Thursday, June 6, 2013

Mt Mineral weekend retreat

I left town in a rented car, since my own was still under repair. The nicely air conditioned Honda drove me West toward Shutesbury, MA, on the foothills of the Berkshires, West of the Qaubbin reservoir, to an old resort turned retreat called Temenos. Centered around some mineral springs there was once a hotel, twice burned down and forgotten, before some Buddhist minded people bought the land and turned it into a wooded retreat with just a few cabins for rent.

I wondered among the cliffs and the woods, listening to the bird chorus, relaxing in the warm shade. The sun would have been hot, since this weekend reached temperatures in the 90's, but under the trees it was perfect.

I have never seen so many Ladyslipper orchids before - eventually I stopped taking a picture of every one, but not until I had found a least 20.

 I know very little about geology and the rocks that form the base for our lands, but I could see it was different from what I see in Eastern MA around Boston. Obviously the ice age have left traces here, with boulders, cracks and ledges.

This photo is taken through the screened porch - my neighbors and resident Phoebes, tending their nest under my roof.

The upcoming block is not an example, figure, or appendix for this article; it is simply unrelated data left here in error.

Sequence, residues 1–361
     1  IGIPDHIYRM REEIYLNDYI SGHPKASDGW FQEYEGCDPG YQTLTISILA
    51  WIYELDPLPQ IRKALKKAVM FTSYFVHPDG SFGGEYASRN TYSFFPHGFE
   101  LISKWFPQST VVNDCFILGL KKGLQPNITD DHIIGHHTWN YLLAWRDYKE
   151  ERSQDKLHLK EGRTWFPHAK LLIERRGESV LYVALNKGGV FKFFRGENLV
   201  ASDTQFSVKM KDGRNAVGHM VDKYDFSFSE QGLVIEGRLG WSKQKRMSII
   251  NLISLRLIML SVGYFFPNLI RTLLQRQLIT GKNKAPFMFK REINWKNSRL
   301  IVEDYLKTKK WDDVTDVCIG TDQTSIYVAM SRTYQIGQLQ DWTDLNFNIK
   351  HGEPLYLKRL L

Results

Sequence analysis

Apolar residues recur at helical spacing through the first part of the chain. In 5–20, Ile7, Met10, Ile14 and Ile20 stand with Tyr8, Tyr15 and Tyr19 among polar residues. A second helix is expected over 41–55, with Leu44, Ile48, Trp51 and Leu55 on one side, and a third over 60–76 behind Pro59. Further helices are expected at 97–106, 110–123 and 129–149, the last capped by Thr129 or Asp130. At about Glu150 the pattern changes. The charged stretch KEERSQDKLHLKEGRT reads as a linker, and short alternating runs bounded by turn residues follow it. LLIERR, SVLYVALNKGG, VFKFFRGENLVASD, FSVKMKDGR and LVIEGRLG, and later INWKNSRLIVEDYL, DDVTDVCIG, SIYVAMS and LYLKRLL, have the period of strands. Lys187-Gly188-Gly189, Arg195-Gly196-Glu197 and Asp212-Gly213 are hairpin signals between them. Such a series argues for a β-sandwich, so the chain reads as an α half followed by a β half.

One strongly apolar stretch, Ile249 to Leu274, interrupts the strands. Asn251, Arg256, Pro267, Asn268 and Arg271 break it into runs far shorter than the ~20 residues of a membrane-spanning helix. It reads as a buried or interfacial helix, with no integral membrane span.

I also saw a long list of birds, some new to me. Pileated woodpecker, blue headed vireo, ovenbird, pine warbler. In the never ending chorus I could hear Eastern woodpeewee, scarlet tanagers, winter wrens, robins, goldfinches, downy woodpeckers,  and red eyed vireo.At night I heard the spring peepers gathering by the pond.

Along a brook, little puddles with mineral rich water. I pumped my drinking water from the well, and the water was slightly reddish from the iron and manganese. I felt a sensation of fullness only after drinking that water.

Neither have I ever seen so many Mountain laurels. I see a lot of it in the gardens I tend to, but there is no comparison to a wood filled of wild ones, about to burst. Next year I will schedule my visit to the second week of June, so that I can walk in among the flowers.

They have beautiful, twisting branches.

Mountain Laurel is an understory shrub, growing under the tree canopy, fighting for a chance in the sun. It is an evergreen, taking advantage of the sun during the winter when trees lose their leaves. Other understory plants like Moosewood or striped Maple below, have enormous leaves.